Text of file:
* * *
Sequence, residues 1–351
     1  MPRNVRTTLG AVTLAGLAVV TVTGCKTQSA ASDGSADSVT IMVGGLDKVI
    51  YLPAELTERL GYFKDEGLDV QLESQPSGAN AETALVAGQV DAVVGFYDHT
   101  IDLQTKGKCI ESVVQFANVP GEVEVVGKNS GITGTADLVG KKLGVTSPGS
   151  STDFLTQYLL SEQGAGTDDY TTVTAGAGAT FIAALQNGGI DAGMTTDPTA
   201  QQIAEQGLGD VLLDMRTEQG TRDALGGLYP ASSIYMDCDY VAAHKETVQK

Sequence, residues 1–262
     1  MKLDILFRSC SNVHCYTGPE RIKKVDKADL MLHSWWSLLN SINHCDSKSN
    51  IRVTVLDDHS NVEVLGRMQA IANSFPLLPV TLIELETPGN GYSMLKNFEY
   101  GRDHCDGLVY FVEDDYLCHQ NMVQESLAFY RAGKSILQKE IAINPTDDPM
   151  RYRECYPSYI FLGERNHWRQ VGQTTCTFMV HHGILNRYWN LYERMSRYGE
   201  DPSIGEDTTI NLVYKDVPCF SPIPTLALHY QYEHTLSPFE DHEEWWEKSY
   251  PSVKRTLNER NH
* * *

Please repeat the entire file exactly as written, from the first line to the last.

Sequence, residues 1–351
     1  MPRNVRTTLG AVTLAGLAVV TVTGCKTQSA ASDGSADSVT IMVGGLDKVI
    51  YLPAELTERL GYFKDEGLDV QLESQPSGAN AETALVAGQV DAVVGFYDHT
   101  IDLQTKGKCI ESVVQFANVP GEVEVVGKNS GITGTADLVG KKLGVTSPGS
   151  STDFLTQYLL SEQGAGTDDY TTVTAGAGAT FIAALQNGGI DAGMTTDPTA
   201  QQIAEQGLGD VLLDMRTEQG TRDALGGLYP ASSIYMDCDY VAAHKETVQK

Sequence, residues 1–262
     1  MKLDILFRSC SNVHCYTGPE RIKKVDKADL MLHSWWSLLN SINHCDSKSN
    51  IRVTVLDDHS NVEVLGRMQA IANSFPLLPV TLIELETPGN GYSMLKNFEY
   101  GRDHCDGLVY FVEDDYLCHQ NMVQESLAFY RAGKSILQKE IAINPTDDPM
   151  RYRECYPSYI FLGERNHWRQ VGQTTCTFMV HHGILNRYWN LYERMSRYGE
   201  DPSIGEDTTI NLVYKDVPCF SPIPTLALHY QYEHTLSPFE DHEEWWEKSY
   251  PSVKRTLNER NH